Alleviating health risks associated with rainwater harvesting
Maganha de Almeida, AC
Journal of Environmental Engineering and Science
NRC Research Press
Perceived and real public health risks associated with the quality of water from alternative water sources and supply systems, such as rainwater harvesting (RWH) and grey water reuse, continue to restrict their uptake in many countries. One option to alleviate these health risks is to treat alternative water to potable standard at the point of use (POU) as opposed to the point of supply, as undertaken in centralised systems. This paper presents the results of three international empirical field trials of a novel POU RWH treatment device. The results indicate that where the harvested rainwater did not contain elevated levels of pesticides or physico-chemical determinands, the POU device was able to reduce levels in outlet water to meet UK, EU and World Health Organization potable standards. Regarding microbiological determinands, such as total viable counts and coliforms, and microbial pathogens, such as Pseudomonas aeruginosa and Legionella spp., the device achieved reduction to potable standard and full pathogen removal, respectively. Thus, while it is possible to treat harvested rainwater to potable standard with a POU device, whether it is desirable to do so to alleviate risks for all end uses remains a question for further debate.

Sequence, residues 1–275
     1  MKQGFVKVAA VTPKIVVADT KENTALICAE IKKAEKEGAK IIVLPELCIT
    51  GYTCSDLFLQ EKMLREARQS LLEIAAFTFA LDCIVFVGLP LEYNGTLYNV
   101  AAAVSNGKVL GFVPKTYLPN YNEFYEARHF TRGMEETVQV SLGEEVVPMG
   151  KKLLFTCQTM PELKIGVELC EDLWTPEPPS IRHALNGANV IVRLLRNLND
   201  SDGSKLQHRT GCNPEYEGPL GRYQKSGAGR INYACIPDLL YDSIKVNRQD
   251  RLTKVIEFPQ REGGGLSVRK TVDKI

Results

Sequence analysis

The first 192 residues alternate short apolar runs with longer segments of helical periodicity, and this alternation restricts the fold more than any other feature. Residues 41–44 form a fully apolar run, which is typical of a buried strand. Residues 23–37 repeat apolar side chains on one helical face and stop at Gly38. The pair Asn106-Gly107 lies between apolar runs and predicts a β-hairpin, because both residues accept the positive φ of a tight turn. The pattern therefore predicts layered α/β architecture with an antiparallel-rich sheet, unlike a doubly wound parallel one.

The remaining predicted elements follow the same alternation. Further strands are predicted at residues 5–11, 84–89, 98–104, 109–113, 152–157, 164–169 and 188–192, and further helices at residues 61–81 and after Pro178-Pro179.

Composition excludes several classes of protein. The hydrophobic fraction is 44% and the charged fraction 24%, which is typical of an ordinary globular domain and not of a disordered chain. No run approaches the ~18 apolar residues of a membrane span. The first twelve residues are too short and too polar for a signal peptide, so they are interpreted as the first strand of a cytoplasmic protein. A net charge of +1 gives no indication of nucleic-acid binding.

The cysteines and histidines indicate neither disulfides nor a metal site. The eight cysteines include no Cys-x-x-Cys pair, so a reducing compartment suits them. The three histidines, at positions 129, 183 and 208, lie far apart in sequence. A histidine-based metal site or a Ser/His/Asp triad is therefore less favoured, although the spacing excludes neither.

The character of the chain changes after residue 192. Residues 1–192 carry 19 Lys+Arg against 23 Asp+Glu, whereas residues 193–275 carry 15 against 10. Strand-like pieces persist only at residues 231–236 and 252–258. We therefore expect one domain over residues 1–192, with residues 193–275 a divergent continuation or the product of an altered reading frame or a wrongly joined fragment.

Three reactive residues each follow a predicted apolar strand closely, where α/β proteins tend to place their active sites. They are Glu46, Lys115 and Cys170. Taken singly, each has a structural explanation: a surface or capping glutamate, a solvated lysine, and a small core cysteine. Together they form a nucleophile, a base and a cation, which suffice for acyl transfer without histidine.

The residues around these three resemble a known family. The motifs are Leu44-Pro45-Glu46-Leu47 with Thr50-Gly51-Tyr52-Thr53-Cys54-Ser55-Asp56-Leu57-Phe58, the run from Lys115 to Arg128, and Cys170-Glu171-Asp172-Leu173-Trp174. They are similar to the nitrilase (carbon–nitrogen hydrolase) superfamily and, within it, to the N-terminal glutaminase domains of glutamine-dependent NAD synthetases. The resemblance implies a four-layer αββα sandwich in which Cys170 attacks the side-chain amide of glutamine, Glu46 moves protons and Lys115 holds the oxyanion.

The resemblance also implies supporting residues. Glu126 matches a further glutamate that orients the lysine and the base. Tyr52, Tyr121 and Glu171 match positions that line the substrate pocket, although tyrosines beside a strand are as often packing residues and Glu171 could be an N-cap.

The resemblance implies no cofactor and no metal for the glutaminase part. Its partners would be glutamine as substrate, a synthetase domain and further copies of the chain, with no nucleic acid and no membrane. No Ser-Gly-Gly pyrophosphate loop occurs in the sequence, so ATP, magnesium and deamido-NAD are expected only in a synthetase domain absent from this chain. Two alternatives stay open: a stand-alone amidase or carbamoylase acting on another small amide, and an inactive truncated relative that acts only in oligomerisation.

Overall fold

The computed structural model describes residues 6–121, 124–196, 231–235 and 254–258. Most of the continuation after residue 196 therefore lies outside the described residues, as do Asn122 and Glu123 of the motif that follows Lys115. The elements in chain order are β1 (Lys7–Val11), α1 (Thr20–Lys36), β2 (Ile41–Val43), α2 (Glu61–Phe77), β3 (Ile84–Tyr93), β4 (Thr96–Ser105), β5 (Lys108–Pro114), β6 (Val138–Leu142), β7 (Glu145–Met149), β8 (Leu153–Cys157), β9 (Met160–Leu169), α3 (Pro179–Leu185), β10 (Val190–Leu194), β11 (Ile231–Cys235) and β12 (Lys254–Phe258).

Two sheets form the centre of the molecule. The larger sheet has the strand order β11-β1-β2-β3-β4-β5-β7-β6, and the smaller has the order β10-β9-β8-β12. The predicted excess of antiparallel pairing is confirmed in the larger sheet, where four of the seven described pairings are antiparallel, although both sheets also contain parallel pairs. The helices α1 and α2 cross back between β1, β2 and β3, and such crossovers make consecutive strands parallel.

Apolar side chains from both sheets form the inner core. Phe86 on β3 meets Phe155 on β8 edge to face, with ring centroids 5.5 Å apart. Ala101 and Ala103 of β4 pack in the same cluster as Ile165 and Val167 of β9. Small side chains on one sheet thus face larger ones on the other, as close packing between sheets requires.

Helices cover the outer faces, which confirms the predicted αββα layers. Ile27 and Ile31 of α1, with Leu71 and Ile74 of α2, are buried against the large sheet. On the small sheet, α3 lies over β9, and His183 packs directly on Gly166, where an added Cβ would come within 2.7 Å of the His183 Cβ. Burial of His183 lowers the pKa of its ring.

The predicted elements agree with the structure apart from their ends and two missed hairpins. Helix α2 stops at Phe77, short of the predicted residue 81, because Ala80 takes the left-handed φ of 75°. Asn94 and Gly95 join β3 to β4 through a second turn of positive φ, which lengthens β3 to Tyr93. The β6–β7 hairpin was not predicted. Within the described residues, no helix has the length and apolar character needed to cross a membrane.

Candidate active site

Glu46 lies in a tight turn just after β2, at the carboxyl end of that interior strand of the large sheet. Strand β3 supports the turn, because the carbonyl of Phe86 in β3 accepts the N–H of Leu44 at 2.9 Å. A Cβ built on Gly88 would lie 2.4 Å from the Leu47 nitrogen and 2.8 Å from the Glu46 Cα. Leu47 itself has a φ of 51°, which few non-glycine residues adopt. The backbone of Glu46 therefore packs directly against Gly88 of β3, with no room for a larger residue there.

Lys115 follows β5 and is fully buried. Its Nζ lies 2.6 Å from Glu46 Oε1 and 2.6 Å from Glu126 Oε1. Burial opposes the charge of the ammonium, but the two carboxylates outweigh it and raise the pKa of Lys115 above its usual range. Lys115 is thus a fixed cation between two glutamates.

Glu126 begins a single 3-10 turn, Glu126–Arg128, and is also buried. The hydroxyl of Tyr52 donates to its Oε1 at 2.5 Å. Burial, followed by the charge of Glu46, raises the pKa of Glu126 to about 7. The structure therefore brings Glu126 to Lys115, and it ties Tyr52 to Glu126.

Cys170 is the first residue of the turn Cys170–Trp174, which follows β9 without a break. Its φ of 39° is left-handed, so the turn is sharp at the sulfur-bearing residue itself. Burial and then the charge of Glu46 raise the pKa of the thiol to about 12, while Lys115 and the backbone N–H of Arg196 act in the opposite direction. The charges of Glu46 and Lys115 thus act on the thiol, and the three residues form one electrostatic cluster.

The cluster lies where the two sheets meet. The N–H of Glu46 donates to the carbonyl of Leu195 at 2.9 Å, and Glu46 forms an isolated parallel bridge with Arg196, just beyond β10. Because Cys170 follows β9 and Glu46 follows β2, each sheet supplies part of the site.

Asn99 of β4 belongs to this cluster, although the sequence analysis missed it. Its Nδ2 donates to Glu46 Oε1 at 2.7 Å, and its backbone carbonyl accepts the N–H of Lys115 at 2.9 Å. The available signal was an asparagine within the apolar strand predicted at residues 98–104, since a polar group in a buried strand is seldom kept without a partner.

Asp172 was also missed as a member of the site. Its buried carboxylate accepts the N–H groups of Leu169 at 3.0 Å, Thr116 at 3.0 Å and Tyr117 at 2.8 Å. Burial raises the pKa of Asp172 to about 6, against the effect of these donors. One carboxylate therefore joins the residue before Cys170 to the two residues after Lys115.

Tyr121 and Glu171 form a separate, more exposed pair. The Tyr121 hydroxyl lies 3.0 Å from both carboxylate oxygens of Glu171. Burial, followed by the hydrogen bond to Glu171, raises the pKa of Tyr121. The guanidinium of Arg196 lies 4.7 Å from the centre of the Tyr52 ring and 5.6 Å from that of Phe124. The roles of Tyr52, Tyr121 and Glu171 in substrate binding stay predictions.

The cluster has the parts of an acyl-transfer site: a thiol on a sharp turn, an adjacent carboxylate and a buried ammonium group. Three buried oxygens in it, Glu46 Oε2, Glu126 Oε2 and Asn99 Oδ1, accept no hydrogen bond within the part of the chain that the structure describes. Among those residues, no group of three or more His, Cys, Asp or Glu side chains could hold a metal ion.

This research was funded by the European Commission’s Ecoinnovation programme (ECO/12/332899) and supported by Ozone Industries Ireland Ltd, the University of Exeter, Flextronics International, Greenlife and Kiwa.
This is the author accepted manuscript. The final version is available from NRC Research Press via the DOI in this record.
Published Online: March 31, 2017